Democrats and Republicans more likely to vote for candidates who pass policing and criminal justice reforms & oppose candidates who block reform efforts.
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With the General Election just 91 days away, a new poll released by Dream Corps #cut50 and the Justice Action Network shows an overwhelming majority of registered Democrats and Republicans want to see action on policing and criminal justice reforms. Across party lines and in every demographic group, voters are more likely to vote for candidates who pursue reforms and less likely to vote for candidates they see as “blocking” reform efforts.
A majority of voters surveyed believe that our current system of policing and prisons is actually failing to keep communities safe. The poll highlights a broad set of solutions, backed overwhelmingly by voters, that lawmakers from both sides of the aisle should pursue – including consequences for officers who use excessive force or fail to intervene when it’s occurring and a change in the use of force standard.
The poll, conducted by Beacon Research, surveyed 1,504 registered voters July 23-27, 2020 by live interviewers calling a mix of landlines and cellphones. Results have a margin of error of ±3 percentage points and were weighted to match the demographics of the national electorate. 82% of respondents indicated they were extremely likely to vote this fall; another 11% said they were very likely to do so.
The group hosted a press conference on August 3rd featuring Representative Guy Reschenthaler (R-PA), Dream Corps #cut50 National Organizer Louis L. Reed, Justice Action Network Director Holly Harris, and others.
- Close to 80% of voters support their local police department but want to see national action on police reforms.
- Policing reforms backed by at least 80% of Democrats, two-thirds of independents, and two-thirds of Republicans, with support being strongest among women (especially college-educated white women and suburban women), voters of color, and those with college degrees:
- establishing national use of force standards;
- requiring officers to wear body cameras;
- setting up a database of officer misconduct;
- banning “no-knock” warrants;
- implementing co-responder programs, and others.
- 60% of voters want candidates to lead on criminal justice reform, and would oppose candidates who block it.
“For too long, elected leaders in both political parties have failed to rein in bad cops and overcrowded prisons. Voters are tired of the inaction – especially on Capitol Hill. This poll makes one thing clear: Members of Congress who want to keep their seats come November would be smart to get something done on policing and our criminal justice system. Lawmakers can start by strengthening and passing the JUSTICE Act in the Senate and making sure we’re not leaving criminal justice and policing issues out of the upcoming stimulus and spending packages.” Van Jones, CEO of REFORM Alliance & Co-founder of Dream Corps #cut50.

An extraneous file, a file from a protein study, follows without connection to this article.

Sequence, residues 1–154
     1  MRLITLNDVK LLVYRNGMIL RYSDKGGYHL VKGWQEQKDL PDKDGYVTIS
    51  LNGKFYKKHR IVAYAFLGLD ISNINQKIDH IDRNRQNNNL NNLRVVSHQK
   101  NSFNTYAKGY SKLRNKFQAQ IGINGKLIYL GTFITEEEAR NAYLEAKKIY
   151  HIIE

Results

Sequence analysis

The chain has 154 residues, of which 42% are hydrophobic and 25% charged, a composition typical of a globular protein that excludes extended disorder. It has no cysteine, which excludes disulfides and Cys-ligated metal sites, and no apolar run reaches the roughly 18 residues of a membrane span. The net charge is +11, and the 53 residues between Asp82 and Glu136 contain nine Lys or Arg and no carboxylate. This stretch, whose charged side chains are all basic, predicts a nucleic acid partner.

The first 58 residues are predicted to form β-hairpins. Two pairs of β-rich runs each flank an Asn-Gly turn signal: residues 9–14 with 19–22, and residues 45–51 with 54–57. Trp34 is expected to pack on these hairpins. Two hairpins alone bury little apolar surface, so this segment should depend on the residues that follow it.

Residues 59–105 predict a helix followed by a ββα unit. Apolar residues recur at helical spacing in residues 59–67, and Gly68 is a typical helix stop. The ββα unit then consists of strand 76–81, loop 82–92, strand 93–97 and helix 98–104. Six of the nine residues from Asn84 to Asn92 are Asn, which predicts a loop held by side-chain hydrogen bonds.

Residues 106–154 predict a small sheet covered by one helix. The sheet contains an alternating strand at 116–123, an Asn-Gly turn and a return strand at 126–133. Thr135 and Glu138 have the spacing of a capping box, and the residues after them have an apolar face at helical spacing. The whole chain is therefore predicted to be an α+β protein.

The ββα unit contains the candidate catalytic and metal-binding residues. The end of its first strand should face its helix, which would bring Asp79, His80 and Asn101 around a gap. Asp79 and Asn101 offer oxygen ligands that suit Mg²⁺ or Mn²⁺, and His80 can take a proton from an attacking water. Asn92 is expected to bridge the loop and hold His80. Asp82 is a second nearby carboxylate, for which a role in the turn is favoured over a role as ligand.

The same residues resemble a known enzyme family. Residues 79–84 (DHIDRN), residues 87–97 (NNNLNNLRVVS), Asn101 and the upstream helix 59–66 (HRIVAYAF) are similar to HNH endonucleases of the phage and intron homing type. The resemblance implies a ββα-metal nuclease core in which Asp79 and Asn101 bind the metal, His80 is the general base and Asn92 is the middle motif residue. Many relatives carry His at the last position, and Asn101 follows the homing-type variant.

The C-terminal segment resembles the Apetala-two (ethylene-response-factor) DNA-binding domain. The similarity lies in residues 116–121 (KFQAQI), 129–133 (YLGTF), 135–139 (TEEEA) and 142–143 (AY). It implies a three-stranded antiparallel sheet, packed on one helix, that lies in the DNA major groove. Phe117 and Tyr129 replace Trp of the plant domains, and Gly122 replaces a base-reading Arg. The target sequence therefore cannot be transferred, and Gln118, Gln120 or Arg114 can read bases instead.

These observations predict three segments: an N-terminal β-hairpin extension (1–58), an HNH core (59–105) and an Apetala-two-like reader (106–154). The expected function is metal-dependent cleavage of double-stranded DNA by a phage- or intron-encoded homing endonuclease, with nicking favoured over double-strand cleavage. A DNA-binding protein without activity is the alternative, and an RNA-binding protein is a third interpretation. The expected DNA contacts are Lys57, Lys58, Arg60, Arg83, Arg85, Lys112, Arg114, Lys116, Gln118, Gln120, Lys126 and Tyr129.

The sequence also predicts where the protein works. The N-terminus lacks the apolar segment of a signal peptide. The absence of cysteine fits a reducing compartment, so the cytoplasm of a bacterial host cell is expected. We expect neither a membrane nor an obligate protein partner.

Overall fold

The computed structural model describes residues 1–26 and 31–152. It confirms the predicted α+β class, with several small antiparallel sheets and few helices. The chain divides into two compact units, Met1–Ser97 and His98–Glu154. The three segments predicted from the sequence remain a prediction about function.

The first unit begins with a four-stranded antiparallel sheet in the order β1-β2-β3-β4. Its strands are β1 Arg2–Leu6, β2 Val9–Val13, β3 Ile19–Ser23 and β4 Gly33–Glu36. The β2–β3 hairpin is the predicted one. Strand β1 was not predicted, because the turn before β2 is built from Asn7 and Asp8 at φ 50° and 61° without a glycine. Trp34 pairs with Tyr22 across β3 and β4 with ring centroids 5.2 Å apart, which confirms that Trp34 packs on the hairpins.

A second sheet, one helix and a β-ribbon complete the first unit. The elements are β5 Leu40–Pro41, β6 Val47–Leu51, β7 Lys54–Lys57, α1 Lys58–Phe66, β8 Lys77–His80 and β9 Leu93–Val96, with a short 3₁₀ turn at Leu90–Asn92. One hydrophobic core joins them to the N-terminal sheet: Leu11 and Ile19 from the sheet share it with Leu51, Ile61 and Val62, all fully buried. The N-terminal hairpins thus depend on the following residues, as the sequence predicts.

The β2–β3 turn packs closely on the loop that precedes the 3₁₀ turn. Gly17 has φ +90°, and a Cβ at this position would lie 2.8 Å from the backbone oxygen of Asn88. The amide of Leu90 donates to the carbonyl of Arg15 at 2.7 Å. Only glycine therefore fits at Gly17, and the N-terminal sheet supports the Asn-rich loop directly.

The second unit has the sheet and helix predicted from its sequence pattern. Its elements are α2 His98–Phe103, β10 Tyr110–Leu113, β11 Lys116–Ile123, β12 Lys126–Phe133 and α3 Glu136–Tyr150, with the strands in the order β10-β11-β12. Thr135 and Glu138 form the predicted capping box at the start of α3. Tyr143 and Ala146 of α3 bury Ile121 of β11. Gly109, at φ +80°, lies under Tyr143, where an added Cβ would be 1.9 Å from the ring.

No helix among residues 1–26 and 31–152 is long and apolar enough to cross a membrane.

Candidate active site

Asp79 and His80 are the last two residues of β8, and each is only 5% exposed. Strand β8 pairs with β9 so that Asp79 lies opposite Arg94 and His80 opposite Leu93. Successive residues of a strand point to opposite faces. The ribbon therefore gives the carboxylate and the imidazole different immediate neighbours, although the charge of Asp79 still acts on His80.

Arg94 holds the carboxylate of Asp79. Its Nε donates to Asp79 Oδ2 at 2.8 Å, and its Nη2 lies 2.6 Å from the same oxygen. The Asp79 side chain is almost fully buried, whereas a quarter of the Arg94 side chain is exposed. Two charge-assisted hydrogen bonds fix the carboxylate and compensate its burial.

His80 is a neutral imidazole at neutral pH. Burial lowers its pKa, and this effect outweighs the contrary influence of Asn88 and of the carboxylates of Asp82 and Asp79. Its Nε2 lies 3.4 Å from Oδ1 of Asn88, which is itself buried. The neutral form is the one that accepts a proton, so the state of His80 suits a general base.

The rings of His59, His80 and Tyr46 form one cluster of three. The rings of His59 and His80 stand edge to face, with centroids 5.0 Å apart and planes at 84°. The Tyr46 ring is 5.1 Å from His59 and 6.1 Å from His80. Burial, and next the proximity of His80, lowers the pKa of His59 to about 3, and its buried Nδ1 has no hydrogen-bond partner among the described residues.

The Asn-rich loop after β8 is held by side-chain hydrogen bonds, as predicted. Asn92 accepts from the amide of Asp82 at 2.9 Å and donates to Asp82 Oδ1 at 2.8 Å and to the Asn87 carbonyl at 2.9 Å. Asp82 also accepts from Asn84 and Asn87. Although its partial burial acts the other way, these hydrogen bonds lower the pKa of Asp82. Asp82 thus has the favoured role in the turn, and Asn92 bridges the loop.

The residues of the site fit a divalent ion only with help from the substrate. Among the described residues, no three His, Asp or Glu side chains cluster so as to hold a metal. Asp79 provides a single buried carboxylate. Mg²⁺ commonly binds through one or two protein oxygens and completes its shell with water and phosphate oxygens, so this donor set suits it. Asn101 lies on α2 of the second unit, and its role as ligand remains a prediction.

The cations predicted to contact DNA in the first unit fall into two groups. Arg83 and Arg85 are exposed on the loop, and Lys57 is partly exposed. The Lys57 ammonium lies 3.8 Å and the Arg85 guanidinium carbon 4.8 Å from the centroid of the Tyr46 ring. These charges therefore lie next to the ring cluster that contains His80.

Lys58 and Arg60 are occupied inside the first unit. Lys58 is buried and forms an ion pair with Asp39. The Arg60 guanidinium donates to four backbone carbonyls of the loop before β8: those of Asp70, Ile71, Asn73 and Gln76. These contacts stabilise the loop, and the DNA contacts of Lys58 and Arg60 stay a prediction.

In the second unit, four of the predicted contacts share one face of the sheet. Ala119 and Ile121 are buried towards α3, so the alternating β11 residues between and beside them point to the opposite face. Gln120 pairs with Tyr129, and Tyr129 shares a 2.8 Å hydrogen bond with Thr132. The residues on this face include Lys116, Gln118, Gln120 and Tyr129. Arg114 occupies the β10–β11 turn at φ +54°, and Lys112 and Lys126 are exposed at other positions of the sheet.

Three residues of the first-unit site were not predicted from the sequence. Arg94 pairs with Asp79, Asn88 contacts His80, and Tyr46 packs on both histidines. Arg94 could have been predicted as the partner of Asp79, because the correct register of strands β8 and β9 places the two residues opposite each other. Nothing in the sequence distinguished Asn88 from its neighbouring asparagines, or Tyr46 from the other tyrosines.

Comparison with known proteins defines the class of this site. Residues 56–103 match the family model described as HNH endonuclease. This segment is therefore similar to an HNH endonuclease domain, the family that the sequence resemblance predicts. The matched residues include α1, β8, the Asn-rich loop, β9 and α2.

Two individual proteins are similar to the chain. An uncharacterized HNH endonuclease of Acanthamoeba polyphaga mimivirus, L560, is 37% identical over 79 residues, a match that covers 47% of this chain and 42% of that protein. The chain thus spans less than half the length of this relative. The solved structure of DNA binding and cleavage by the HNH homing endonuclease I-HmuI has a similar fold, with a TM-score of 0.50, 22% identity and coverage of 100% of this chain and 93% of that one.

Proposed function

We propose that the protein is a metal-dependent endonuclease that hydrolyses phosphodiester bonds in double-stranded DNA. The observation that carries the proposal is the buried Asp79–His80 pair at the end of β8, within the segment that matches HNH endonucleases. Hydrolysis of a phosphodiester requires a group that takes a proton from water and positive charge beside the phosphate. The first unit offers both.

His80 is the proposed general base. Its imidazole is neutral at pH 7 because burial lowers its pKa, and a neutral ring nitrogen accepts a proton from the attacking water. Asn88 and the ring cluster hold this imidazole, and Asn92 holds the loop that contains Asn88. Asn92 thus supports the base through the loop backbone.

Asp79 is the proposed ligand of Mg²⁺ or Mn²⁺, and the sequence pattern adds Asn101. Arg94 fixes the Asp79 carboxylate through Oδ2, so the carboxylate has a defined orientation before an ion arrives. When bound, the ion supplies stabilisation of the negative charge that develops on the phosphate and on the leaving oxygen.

“While the country is deeply divided on many issues, this poll is a strong reminder that we are unified in wanting to improve policing and the criminal justice system.” Brett Tolman, Former United States Attorney and founder of The Tolman Group.
“It’s been 70 days since George Floyd was killed and Congress hasn’t found the courage or the urgency to get policing reforms done. I’ve met with dozens of families like Breonna Taylor’s, who have lost loved ones to police violence – their calls for fundamental changes are universal. This continued inaction has resulted in too much pain and too many lost lives at the hands of unlawful police violence. When will it end? I hope this poll gives some of those elected leaders who may be sitting on the fence an incentive to quickly get to work fixing this broken system.” – Louis L. Reed, National Organizer, Dream Corps #cut50
“What’s clear is that Americans are dissatisfied with inaction. A vast majority of people want their elected representatives to take action to fix the broken pieces of our criminal justice system. From automating record clearing for individuals with a criminal history to ensuring additional police accountability, Americans want change. As a former police officer, a veteran, and someone on the center-right, I believe that all criminal justice reforms must prioritize human dignity, promote public safety, ensure individual liberty, and maintain fiscal responsibility.” Arthur Rizer, R Street Institute
Executive Survey Link:
Poll Results Link: